It’s a cycle that has unfortunately become quite familiar over the last year with the loss of so many pop culture icons.
A beloved, iconoclastic celebrity dies and we proceed to express our sadness and disbelief, particularly on social media. And in a rush to get in on the conversation, brands forget the most important rule of grieving in public: it’s not about you.
Carrie Fisher’s death this week spurred remembrances of her prodigious writing talent, mental health advocacy and lacerating perspective about women in Hollywood. So Cinnabon decided to post a swiftly deleted tweet about how she had “the best buns in the galaxy.”
You’re better than that, Cinnabon.
The company did apologize, and Fisher probably would have thought it was hilarious. But Cinnabon isn’t the only one that fell into that trap. When Prince died this spring, many a tribute included purple in honor of the singer’s signature color. But Cheerios took it a step too far, replacing the dot of the i in its “Rest in Peace” message with, you guessed it, a Cheerio.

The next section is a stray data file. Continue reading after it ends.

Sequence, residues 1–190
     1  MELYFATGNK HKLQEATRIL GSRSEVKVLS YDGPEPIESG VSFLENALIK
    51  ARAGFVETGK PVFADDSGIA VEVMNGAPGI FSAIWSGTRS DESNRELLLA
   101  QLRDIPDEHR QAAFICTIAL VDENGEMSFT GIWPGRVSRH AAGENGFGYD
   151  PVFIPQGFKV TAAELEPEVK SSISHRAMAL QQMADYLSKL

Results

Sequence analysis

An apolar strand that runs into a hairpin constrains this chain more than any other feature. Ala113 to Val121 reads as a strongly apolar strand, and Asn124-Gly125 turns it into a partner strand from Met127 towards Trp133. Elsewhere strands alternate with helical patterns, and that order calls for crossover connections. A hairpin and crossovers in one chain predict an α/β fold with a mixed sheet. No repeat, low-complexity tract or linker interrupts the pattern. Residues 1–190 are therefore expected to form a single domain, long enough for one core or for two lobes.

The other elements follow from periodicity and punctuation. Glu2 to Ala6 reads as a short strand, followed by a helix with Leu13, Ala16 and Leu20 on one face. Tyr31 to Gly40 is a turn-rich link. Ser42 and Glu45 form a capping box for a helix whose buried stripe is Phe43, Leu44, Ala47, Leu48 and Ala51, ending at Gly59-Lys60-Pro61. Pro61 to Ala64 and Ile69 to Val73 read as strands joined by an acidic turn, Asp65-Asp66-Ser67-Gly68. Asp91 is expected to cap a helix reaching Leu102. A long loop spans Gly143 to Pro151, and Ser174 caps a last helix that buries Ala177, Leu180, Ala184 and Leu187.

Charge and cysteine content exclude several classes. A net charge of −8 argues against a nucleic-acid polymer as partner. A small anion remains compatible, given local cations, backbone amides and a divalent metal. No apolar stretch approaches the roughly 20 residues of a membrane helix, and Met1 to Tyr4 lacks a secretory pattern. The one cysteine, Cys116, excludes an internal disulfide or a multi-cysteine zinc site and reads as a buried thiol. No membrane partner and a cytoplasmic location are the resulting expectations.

So while it’s important to be relevant to your audience, what we learn from these mistakes is that the first step of social media success is being able to read a room.